« iepriekšējāTurpināt »
61 locations during late 1985 and reached nearly 6,000 people.
In addition, we have provided speakers to participate in meetings before banking and law enforcement community groups to
discuss BSA and other enforcement issues.
Moreover, our BSA
specialists and attorneys across the country and here in Washington respond to inquiries on a daily basis.
Fourth, we have participated in various interagency task forces
and working groups and have continued to assist the law enforcement community whenever possible in their enforcement efforts. We were, for instance, instrumental in establishing a
working group consisting of senior officials from our office,
the Justice Department's Criminal Division, the FBI, and each
of the major financial institutions regulatory agencies. group's purpose was to improve the Federal Government's effectiveness in fighting crime in the nation's financial institutions.
implemented for use by each of the supervisory agencies and all financial institutions. The form has promoted consistency in
the reporting of suspected criminal offenses and has provided
Justice with a better means of tracking criminal referrals.
Agreement was reached that the regulatory agencies would each
adopt regulations or guidelines similar to OCC's Interpretive
Ruling (12 C.F.R. S 7.5225), which requires banks to report any
suspected criminal activity.
We have also proposed amendments
to improve our rule.
In addition, the group improved communications by identifying
points of contact in each agency on the national and local
level, thus establishing a network of individuals responsible
for coordinating referrals and prosecutions. Specifically at Occ, District Counsel have been required to establish and maintain contact with individual United States Attorneys' Offices, FBI offices and strike forces for the purpose of coordinating criminal enforcement matters.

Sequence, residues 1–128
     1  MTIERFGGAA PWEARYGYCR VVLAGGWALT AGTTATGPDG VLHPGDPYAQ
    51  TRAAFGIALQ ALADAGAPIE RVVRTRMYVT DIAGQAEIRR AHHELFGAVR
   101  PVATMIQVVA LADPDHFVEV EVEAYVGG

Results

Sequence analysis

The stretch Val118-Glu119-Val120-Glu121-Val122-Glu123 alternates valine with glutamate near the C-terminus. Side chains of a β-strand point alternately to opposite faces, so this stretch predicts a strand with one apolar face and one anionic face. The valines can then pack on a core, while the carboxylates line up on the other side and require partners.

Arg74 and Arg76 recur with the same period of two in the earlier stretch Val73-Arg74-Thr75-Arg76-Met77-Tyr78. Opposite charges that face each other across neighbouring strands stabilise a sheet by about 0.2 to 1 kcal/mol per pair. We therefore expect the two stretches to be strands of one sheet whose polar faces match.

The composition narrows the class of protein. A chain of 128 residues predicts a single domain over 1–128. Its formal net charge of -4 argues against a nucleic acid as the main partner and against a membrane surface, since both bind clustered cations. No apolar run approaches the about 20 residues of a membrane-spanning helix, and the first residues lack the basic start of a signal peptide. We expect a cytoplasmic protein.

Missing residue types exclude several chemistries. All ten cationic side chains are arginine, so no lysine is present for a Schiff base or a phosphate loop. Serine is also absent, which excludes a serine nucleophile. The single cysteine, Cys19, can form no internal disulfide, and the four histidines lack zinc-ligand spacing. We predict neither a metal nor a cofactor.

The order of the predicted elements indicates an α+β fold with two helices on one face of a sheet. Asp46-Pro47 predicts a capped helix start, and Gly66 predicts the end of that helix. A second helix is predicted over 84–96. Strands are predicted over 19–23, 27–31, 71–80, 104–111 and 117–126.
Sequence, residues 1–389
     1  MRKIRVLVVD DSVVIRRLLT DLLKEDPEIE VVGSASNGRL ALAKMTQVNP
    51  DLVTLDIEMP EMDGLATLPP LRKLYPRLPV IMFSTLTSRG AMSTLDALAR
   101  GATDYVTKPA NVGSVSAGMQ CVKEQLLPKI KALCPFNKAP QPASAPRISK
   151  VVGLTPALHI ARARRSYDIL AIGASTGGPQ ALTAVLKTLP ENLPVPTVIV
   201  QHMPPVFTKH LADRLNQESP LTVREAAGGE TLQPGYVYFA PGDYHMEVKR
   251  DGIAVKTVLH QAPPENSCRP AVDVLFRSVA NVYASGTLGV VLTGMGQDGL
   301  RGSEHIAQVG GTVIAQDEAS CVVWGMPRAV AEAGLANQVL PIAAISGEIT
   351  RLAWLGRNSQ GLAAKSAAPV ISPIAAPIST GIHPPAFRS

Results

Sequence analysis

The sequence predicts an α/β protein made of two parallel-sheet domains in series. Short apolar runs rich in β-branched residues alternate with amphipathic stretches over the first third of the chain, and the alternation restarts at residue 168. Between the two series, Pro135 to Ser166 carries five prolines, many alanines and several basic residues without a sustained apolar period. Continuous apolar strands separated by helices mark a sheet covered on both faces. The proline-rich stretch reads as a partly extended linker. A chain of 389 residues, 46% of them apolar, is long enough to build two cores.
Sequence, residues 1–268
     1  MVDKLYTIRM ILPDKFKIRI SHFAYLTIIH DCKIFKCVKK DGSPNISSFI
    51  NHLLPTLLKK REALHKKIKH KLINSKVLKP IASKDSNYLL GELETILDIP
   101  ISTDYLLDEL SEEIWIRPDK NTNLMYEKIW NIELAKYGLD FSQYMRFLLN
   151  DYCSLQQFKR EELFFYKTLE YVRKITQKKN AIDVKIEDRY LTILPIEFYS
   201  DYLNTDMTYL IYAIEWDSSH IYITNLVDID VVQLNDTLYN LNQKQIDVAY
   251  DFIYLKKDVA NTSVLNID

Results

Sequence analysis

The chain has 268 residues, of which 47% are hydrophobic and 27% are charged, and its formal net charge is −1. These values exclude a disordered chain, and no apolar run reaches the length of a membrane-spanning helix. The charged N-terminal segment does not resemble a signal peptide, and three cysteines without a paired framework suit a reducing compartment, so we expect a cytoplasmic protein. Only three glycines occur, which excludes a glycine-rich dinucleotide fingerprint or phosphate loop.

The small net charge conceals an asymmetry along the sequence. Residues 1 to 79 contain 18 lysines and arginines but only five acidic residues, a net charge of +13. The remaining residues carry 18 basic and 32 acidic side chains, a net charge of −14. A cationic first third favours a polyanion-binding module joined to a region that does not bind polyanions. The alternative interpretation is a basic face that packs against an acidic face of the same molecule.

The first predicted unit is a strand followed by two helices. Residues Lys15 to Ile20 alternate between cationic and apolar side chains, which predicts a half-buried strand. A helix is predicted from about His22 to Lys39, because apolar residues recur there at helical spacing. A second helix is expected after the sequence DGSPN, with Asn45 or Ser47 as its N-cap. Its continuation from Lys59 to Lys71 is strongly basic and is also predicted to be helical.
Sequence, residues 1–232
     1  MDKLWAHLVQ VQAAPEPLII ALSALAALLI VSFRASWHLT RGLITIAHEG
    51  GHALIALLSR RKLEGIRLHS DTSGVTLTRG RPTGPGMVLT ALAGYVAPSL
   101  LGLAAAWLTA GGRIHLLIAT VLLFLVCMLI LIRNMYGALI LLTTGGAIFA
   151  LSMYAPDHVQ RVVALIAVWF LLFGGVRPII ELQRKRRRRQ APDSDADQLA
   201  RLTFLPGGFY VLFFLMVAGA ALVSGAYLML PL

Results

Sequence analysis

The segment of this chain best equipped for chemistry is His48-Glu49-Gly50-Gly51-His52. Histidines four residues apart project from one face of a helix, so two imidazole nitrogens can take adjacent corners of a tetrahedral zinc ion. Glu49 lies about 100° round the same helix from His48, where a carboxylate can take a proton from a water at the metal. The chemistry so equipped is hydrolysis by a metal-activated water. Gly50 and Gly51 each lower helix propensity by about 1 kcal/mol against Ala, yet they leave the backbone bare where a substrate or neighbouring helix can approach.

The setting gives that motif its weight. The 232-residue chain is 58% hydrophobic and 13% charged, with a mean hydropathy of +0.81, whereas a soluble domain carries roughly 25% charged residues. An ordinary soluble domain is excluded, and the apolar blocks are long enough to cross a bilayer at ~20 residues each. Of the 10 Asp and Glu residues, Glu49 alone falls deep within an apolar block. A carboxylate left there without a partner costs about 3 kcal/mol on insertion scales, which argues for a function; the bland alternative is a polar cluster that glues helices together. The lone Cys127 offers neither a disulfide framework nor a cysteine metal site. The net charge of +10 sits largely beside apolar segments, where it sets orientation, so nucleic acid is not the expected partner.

Moreover, to accelerate our response to law enforcement
inquiries, we have formally delegated additional authority to
the District Offices to respond and provide information
directly. Similarly, we have worked with trade groups and
individual representatives of the banking community to
establish banking community contacts for the swift handling of
problems in this area.
OCC also has enhanced its Enforcement and Compliance
Information System (ECIS) to track criminal referrals and
disciplinary actions taken by the OCC or the other agencies
against bank officials.
As a result, we
are now able to use
the system in our background investigations of organizers of
new banks and of change in control applicants.
The working group also recommended that a joint training course
be developed to cross train FBI agents and examiners.
agencies and the Department of Justice each committed resources, and a formal training course was developed. A series of joint training sessions has since been held both at the FBI Academy at Quantico and at selected sites around the
In addition to our work with the Department of Justice working group, OCC participated actively in efforts specifically focused on improving BSA enforcement. We worked with Treasury
and other financial institutions regulators to revise the
uniform BSA examination procedures.
These revisions, which are
presently undergoing a final review at Treasury, should be
implemented in the near future.
We also vigorously supported the work of the IRS/Financial
Despite this progress, we believe that we must continue to do
To ensure that the progress of the last year is not
lost, on-going training and industry awareness efforts are critical. In light of the Deficit Reduction Act of 1985
(Gramm-Rudman-Hollings), however, although OCC remains
committed to such efforts, we may not be able to maintain the
same pace during 1986.
Resources have been severely strained,
and it has been necessary to make across-the-board reductions
in training expenditures.
Moreover, District training
conferences and OCC attendance at public conferences and
seminars, which have been valuable vehicles for sharing
information on BSA and other important topics, have been
cancelled or reduced.
In addition to on-going training and education efforts, we
believe that progress is essential in two critical areas if
gains are to be made in the Federal Government's efforts to
ensure compliance with the BSA.
These areas are (1) increased
coordination among the agencies with compliance and enforcement responsibilities and (2) more effective use of available data
for targeting compliance and enforcement efforts.
Increased Interagency Coordination
We have great faith in the benefits which can be derived from
the interagency working group process.
As discussed above, the
Justice Department's working group, in which we are a very
active participant, has proven how effectively the bank
regulators can work together with the law enforcement
We believe this experience can be used as
for success in the BSA area, and as an active participant in the IRS/Financial Institutions Regulatory Working Group, we are
looking forward to the same accomplishments in the BSA area.
Improved communications and utilization of available BSA and other financial data could, we believe, significantly increase the return on our enforcement and compliance resources. clearly, neither occ nor any of the other financial